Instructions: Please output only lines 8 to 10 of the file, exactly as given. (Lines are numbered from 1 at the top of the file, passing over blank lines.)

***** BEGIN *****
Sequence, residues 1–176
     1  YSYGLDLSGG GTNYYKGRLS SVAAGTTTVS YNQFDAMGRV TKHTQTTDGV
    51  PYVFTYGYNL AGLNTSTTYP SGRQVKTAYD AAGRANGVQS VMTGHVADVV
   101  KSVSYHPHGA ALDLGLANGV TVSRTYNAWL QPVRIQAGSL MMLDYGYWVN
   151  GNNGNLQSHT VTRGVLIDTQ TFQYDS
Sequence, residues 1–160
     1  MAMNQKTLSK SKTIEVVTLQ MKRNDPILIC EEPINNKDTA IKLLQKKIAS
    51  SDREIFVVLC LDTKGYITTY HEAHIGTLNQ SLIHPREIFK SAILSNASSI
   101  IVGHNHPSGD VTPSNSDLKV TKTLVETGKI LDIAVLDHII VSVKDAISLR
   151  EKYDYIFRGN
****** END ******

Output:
    51  SDREIFVVLC LDTKGYITTY HEAHIGTLNQ SLIHPREIFK SAILSNASSI
   101  IVGHNHPSGD VTPSNSDLKV TKTLVETGKI LDIAVLDHII VSVKDAISLR
   151  EKYDYIFRGN